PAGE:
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Platypus on antidepressants: High traces of drugs in Melbourne streams

Ross and Russel
Article image for Platypus on antidepressants: High traces of drugs in Melbourne streams

A platypus living in a Melbourne stream could ingest more than half a human dose of antidepressants every day, a study has revealed.

As reported in The Age, the study published in the journal ‘Nature Communications’, found traces of 69 different drugs in insects living in six streams around Melbourne.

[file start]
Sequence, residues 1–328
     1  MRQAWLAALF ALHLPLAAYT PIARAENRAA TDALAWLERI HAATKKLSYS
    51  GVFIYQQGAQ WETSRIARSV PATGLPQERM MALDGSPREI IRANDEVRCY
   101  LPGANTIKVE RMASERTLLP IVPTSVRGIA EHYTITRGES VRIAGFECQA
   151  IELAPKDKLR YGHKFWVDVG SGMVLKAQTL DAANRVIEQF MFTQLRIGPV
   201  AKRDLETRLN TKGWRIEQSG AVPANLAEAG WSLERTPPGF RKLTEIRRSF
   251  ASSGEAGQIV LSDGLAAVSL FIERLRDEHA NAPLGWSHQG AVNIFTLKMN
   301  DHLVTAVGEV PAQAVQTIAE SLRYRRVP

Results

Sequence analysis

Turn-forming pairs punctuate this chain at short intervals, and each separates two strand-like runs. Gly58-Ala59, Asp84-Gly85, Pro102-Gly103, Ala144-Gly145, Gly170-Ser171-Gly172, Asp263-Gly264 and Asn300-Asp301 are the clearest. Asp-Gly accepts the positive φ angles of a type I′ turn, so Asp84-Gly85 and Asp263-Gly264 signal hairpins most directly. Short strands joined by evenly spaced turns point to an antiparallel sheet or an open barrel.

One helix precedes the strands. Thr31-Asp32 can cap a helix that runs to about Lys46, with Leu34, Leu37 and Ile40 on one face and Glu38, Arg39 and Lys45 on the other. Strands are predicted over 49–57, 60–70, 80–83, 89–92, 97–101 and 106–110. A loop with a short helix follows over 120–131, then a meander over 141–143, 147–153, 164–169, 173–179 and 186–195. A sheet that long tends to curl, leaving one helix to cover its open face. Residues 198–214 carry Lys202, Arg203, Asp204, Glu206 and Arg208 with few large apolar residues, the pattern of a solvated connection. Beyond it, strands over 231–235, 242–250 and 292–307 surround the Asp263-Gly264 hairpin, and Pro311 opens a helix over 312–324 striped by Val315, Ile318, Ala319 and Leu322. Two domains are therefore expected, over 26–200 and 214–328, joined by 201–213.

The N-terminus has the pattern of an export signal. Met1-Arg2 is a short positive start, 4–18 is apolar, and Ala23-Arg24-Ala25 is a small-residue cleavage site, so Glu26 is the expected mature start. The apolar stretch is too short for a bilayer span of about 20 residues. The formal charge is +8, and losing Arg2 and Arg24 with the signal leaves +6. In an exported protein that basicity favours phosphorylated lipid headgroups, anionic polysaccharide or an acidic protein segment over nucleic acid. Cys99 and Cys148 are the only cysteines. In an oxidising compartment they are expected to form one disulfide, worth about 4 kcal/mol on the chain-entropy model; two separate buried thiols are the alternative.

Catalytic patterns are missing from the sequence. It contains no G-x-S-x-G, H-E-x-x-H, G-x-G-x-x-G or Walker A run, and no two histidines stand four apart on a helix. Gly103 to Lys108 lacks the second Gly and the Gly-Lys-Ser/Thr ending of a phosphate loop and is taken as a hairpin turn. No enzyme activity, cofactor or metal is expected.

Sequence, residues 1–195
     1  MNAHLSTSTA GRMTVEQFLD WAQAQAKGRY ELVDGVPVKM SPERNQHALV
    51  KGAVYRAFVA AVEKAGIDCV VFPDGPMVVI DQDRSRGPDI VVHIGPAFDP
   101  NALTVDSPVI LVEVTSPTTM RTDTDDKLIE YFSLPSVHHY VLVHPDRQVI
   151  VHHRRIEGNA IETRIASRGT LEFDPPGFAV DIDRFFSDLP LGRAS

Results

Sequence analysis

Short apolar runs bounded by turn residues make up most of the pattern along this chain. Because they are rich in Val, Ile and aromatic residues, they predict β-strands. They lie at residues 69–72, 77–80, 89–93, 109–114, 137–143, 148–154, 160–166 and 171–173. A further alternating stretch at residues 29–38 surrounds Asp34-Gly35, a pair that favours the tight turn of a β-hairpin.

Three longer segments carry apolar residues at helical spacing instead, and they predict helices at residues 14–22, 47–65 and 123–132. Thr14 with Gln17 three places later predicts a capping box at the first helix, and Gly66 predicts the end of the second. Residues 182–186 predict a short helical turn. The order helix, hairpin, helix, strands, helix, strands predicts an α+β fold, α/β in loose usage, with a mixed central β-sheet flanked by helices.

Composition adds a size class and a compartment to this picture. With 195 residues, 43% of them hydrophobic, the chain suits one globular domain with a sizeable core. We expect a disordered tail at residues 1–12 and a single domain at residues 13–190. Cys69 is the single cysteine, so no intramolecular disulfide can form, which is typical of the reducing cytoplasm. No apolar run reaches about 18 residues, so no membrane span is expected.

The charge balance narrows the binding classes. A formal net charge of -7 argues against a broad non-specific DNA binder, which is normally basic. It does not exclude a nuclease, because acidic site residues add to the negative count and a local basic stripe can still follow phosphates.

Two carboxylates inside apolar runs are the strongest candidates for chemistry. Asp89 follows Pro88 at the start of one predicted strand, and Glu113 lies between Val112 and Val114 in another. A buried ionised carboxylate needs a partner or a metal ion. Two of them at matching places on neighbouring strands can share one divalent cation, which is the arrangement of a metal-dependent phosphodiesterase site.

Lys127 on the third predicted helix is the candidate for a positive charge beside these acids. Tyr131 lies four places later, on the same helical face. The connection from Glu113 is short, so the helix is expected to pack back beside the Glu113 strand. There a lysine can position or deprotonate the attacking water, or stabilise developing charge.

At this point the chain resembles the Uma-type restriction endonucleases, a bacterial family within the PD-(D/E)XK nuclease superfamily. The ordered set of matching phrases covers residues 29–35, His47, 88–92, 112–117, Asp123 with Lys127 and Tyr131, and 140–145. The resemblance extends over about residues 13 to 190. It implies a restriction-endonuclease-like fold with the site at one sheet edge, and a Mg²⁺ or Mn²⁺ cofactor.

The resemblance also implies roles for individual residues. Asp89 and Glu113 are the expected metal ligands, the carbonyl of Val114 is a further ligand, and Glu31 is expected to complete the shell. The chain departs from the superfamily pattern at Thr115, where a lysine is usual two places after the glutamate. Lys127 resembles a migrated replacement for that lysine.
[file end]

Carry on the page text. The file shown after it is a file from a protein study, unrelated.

Dr Erinn Richmond, from the Water Studies Centre at Monash University, told Ross and John when drugs pass through the human body, a portion will still end up in waste water.

“When we take a panadol or take a drug, a portion of that drug isn’t always used within us and it passes through to waste water treatment plants,” Dr Richmond said.

“A lot of our plants discharge treated waste water into stream.

“What we found was, we were looking at insects that live in these streams and platypus eat insects.”

“So the mosquitoes are full of antidepressants?” Ross asked.

“Yes.”

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Ross and Russel
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